Memorial Day weekend is the unofficial start of wedding season in Minnesota, which can spell big money for hotels.

And while the average cost of a U.S. wedding balloons, area hoteliers have noticed, and are trying hard to win the business of, a particularly lavish segment of the industry: the Asian Indian wedding.

Families throwing a traditional Indian wedding in the U.S. will on average spend $250,000 on the affair, said Seema Jain, Marriott International’s director of multicultural affairs, citing Indian Weddings Magazine data.

“An Indian wedding is not a one-day event. It is a production,” she said, that typically lasts three to four days. “If we are culturally competent, we are going to win their business.”

Jain originally focused her training efforts on the large, coastal cities. But as the U.S. population continues to diversify, midsize cities are demanding her services.

In Minnesota, the Asian Indian population of 43,000 is small relative to the white majority of 4.4 million. Yet it is the fifth-largest minority group, barely trailing the Somali group in size, a January report from the state demographer’s office states.

And the group is growing. Since 2000, the Asian Indian population has increased more than 180 percent, according to U.S. Census data published by the Council of Asian Pacific Minnesotans, a state agency.

In an effort to impress these potentially high-paying customers, one of the newest upscale hotels in the Twin Cities, the JW Marriott at the Mall of America, brought Jain in last week to train sales staff and management on Indian wedding customs, geography, negotiating tactics and terminology.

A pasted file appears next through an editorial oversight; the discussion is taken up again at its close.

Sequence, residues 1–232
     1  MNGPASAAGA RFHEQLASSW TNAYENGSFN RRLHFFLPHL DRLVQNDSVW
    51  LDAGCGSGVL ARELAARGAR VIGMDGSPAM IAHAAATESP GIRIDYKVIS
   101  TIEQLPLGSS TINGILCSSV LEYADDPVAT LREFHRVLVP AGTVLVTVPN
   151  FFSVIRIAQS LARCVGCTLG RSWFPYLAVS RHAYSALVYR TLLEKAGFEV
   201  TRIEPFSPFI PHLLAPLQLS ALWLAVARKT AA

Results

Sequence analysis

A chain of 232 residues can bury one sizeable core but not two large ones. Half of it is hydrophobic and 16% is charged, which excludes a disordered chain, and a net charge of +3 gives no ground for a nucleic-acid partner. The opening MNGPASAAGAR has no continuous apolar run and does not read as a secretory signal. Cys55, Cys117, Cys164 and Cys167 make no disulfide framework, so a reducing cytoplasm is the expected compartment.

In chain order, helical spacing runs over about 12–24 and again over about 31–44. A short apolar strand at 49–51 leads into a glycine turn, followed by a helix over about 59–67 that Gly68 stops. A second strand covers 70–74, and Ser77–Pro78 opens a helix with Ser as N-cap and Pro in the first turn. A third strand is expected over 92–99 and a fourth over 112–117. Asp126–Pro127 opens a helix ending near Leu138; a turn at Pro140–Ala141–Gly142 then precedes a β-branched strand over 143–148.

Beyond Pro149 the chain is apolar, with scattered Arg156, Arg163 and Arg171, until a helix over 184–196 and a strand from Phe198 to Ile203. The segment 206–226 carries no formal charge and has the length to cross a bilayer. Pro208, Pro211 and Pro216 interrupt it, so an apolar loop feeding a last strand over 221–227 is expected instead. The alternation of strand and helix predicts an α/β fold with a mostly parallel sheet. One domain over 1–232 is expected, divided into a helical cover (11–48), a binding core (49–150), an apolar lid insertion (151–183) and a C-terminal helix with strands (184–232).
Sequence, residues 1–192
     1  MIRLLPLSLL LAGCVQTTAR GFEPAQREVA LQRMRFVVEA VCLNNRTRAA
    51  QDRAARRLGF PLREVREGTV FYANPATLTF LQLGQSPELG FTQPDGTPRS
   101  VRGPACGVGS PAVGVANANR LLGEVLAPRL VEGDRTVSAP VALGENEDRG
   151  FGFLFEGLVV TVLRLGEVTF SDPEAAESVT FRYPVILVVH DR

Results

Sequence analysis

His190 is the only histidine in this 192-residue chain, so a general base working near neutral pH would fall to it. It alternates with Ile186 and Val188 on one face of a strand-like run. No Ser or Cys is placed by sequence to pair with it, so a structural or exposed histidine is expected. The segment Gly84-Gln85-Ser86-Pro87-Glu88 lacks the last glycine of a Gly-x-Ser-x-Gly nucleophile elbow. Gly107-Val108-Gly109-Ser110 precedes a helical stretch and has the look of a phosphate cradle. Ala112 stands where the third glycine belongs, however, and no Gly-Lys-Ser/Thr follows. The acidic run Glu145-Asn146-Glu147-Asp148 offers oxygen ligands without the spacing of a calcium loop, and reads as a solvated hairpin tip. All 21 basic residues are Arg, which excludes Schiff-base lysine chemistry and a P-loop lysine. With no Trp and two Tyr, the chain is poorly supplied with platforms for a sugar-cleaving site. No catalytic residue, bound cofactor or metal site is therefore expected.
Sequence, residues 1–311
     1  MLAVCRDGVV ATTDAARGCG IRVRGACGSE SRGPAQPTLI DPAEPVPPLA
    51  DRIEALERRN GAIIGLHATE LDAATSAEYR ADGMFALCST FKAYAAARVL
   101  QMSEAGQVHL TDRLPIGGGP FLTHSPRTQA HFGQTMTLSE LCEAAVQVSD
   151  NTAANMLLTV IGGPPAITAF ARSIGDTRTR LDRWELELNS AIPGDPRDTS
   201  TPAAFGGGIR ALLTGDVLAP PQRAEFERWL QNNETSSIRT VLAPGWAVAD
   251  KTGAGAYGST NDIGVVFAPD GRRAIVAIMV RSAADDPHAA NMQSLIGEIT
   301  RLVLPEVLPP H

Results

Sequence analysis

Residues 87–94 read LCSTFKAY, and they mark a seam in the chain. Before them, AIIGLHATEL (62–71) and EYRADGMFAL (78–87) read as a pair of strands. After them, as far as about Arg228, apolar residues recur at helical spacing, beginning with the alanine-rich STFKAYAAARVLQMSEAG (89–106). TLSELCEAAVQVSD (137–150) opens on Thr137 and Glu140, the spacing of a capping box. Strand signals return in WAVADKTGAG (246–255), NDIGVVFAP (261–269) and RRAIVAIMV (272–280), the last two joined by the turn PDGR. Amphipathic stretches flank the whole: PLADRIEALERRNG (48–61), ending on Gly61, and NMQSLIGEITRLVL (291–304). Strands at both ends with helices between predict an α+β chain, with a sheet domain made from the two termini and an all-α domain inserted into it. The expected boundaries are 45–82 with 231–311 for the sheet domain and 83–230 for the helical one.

The hotel already has two Indian weddings booked — for 650 and 400 guests, respectively — and is gunning for more.

Jain said the hotel has a couple of strengths working in its favor. The ballroom and meeting space can accommodate Indian weddings, which average between 400 and 800 attendees and can push upward of 1,000 guests. And the space is new, which caters to those looking for the next big thing. “We Indians all like to outdo each other,” she said. “You know, keeping up with the Joneses, keeping up with the Patels.”

But she spoke sternly to the hotel’s sales division regarding its willingness to be flexible for the unique requests an Indian wedding may bring.

“You need to be confident and say ‘no’ when you have to, but try to find a way to accommodate their needs,” Jain said.

Indian wedding know-how can prove useful when offering a site tour. Many Indian weddings still include the customary processional where the groom arrives at the venue riding an elephant or horse. A staff well-versed in these customs will have a door designated and help the family obtain the appropriate city permits.

The same goes for the wedding ceremony, which uses an open fire pit that requires varying approvals from different fire departments.

“Every [Indian] state is different and every ceremony is different, but generally Indians will go very extravagant on their weddings,” said Hasim Khorakiwala, president of India Association of Minnesota, a local nonprofit since 1973. “It’s a ‘go big or go home’ concept.”

According to a report published last week by the Council of Asian Pacific Minnesotans, Asian Indians have the highest median income of any cultural group in the state. In 2013, the median Indian household income in Minnesota was $89,000, compared with $62,000 for non-Hispanic white Minnesotans.

“Indians save their whole lives for two things: their children’s education and their children’s weddings,” Jain said. “Even if they don’t sign a contract right away, they’ll go tell 20 people about how they were treated at the JW Marriott.”

So, she said, make sure on their tour to serve them real chai — with cardamom.